When the users don't need to think about the system they're using and can focus on getting the job done, their productivity skyrockets. If behaviours within the system are not easy to understand and it appears to do things differently every time they use it, they'll quicky become frustrated and fall back to familiar, manual ways of working.
Easy to Learn
If a program looks like something they already know, it will feel familiar and require less training. Reduced training requirements help drive adoption and facilitate a smooth transition to new software.
We all know what brand recognition means for national brands or designer labels, but there's brand recognition in software too. Good UX is like a calling card and can drive customer loyalty. For internal use software a quality user experience can make employees feel that their time and efforts are valued. It can instil brand values and help staff provide responses in a common voice.
Custom software shows users that a company is willing to invest in its clients and is trying to provide the best tools for its employees. These systems can be expensive and take months to implement but speak directly to a commitment to their business. Customers appreciate and will recognize an effort to provide a positive UX for them. Such an effort will often translate into increased conversions and can influence users to share their good experience with others.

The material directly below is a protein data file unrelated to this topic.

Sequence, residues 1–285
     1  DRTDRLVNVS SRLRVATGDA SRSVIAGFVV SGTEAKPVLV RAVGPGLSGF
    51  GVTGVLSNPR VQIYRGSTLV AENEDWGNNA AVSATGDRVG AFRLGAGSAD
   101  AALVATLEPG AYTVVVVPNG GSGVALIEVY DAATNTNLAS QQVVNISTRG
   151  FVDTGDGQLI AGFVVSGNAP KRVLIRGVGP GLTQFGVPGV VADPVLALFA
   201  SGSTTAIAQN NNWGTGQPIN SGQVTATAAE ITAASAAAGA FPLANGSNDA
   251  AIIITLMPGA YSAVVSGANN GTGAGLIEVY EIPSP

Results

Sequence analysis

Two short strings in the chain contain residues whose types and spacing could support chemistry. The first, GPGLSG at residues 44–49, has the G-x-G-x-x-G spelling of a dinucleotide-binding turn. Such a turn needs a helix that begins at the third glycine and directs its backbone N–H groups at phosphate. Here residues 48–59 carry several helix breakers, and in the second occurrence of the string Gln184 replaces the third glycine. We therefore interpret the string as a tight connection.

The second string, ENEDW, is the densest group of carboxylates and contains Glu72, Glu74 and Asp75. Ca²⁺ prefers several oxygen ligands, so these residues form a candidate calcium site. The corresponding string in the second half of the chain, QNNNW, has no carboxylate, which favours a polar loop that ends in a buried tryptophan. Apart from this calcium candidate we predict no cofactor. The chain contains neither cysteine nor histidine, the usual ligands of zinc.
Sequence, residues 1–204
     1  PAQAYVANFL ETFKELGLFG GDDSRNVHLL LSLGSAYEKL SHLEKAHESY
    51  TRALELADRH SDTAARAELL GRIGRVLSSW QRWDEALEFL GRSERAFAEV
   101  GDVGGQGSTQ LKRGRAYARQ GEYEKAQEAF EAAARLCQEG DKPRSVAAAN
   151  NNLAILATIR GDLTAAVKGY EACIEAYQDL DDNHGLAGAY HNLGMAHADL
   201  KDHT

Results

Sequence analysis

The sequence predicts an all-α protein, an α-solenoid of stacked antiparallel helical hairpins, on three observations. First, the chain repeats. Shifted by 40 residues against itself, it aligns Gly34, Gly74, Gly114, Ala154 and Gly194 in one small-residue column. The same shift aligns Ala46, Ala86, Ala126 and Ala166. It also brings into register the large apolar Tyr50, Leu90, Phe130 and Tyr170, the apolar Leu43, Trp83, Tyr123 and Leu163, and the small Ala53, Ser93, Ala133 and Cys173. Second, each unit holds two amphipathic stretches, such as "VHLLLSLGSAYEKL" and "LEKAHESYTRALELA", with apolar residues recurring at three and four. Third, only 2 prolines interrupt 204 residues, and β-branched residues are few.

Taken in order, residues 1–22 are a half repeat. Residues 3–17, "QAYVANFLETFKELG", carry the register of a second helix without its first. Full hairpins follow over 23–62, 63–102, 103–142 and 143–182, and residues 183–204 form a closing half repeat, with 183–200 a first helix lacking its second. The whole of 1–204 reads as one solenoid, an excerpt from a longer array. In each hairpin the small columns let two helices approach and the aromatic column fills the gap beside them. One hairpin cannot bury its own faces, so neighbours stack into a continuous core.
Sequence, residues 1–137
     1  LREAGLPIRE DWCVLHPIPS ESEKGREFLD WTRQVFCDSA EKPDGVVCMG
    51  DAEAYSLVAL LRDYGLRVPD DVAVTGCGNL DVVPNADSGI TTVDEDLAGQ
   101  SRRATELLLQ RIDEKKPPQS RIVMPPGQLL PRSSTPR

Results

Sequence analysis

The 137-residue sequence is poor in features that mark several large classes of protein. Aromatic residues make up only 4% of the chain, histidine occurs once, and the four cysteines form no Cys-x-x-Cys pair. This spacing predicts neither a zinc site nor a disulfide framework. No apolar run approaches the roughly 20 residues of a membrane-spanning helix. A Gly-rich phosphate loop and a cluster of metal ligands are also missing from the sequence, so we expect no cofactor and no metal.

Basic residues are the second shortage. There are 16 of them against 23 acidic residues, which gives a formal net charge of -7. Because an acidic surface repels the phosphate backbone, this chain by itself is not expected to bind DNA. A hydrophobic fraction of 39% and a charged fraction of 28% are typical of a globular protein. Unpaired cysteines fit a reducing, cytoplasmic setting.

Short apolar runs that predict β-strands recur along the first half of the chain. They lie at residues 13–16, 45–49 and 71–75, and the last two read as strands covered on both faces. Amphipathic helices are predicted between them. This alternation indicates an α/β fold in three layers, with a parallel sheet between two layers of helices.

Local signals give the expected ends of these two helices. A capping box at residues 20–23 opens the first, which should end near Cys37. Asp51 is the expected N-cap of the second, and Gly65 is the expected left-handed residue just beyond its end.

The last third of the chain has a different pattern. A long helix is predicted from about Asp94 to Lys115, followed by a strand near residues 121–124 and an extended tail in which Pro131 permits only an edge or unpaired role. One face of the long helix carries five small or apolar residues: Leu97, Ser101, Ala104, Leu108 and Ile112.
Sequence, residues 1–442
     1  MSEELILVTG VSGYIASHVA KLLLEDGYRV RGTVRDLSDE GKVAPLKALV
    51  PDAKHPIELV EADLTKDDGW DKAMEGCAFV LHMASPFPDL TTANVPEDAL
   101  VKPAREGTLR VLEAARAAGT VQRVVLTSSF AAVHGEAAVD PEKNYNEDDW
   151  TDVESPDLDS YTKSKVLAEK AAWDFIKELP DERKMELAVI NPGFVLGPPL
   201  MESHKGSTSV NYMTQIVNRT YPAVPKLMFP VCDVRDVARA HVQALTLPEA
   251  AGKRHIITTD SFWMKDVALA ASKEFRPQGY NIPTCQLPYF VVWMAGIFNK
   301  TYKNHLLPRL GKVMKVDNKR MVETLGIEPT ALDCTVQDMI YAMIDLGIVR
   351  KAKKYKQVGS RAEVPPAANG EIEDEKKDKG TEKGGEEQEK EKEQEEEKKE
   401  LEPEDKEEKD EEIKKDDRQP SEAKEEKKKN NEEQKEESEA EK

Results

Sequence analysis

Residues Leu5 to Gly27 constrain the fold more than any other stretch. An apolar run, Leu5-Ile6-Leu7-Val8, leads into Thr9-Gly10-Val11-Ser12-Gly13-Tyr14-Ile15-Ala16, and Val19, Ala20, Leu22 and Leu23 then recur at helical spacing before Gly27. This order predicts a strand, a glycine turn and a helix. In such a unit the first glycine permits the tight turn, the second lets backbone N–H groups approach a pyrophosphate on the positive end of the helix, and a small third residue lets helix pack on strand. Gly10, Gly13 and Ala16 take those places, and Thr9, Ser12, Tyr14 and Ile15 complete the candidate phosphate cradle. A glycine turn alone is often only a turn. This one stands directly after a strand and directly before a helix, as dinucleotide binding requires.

At the end of the day, companies are in business to sell something, it may be a service or a product, but improving the efficiencies and making it easier to continue doing business directly affects the bottom line. Good user experience can result in increased sales, an increase in repeat business and positive word of mouth.
Starting your software development project with a mind to user experience will elevate the quality of the finished solution. It is generally understood that there are five stages to design thinking. It's important to note that stages may be run out of order, run in parallel, and repeated as needed.
1. Empathize - Research the needs of your users